Ask Skip: Styrofoam and Root-Knot Nematodes

By Skip Richter, Contributing Editor

Pot plant drainage | Vego Garden

Q: I’ve read that you should put Styrofoam peanuts or gravel in the bottom of a pot for drainage. Is that true?

A: Water moves out of soil when it is saturated, and gravity pulls it away from the soil particles it is adhering to. Water doesn’t move from fine-textured potting soil into underlying gravel or Styrofoam until it literally drips out. So, adding gravel doesn’t facilitate drainage, but rather results in less potting medium to hold water and nutrients for plant roots to utilize. Doing something to lessen the soil volume isn’t helpful, so I encourage folks to use larger containers in our hot climate. If you are concerned about potting soil washing out of a drainage hole, place a section of window screen in the bottom of the pot.

Root Knot Nematode Damage | Vego Garden
Root Knot Nematode Damage

Q: Is there a product that will kill root-knot nematodes? If not, what is the best way to get rid of nematodes?

A: There is not an effective home-garden chemical control for nematodes. Root-knot nematodes can be reduced somewhat through various practices such as:

  • Soil solarization with clear plastic for 4–6 weeks in summer, rototilling every two weeks in summer to expose them to the hot, desiccating sun.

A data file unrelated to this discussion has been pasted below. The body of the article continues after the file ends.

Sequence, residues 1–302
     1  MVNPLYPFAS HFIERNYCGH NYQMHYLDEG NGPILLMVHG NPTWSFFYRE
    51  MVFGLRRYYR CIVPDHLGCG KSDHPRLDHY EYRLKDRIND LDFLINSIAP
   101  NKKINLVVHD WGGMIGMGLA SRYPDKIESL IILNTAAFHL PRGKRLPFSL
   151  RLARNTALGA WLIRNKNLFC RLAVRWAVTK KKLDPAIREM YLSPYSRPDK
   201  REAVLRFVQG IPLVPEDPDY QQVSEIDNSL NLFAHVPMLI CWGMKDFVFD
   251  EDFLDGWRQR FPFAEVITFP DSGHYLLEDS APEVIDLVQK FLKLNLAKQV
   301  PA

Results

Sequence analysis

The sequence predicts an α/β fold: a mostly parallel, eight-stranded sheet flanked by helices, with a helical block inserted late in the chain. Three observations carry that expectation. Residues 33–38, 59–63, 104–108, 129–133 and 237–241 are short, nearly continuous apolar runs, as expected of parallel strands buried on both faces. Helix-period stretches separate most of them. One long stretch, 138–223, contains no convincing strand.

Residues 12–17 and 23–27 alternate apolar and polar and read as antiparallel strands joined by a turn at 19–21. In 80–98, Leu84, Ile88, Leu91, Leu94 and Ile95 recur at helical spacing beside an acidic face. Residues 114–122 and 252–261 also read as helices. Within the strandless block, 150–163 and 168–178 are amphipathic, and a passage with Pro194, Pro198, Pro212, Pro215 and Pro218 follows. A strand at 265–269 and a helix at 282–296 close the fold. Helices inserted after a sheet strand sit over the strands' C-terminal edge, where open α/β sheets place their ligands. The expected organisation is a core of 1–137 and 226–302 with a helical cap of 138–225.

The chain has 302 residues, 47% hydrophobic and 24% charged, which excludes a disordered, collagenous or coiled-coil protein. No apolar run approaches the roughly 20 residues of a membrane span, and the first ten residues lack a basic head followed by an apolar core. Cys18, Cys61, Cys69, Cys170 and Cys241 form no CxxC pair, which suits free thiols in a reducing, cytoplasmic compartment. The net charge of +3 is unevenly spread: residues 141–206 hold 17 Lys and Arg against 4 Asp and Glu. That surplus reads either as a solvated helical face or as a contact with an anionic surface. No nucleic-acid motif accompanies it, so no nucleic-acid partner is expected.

• Planting mustard and rototilling it into the soil to release chemicals that are detrimental to nematodes
  • Planting resistant species and varieties of plants for several years to avoid building up nematode numbers.
  • Incorporating lots of compost and/or organic matter into the soil to promote the increase of certain antagonistic organisms in the soil.
  • Planting “trap crops,” including some varieties of French marigolds (Tagetes patula) (such as ‘Tangerine,’ ‘Lemon Drop,’ ‘Single Gold,’ ‘Petite French’) in summer or cereal rye (‘Elbon’ is one variety) in the cool season. While French marigolds are generally better, some types of African marigold (Tagetes erecta), such as ‘Crackerjack,’ can also reduce nematode numbers.

Note that it is ineffective to just plant some marigolds alongside your susceptible plants. You need to plant a solid cover of marigolds (6-inches or less apart) throughout the bed to fill the soil with marigold roots and you need to grow them for at least three months.

The above practices suppress or reduce nematode numbers but do not eradicate them. Nematodes can be quite prolific and populations will quickly return when a susceptible crop or weed species is grown in the area.

1 comment

  • Shula

    How would I know if I have nematodes? I have never seen one that I am aware of. I live in Georgia.

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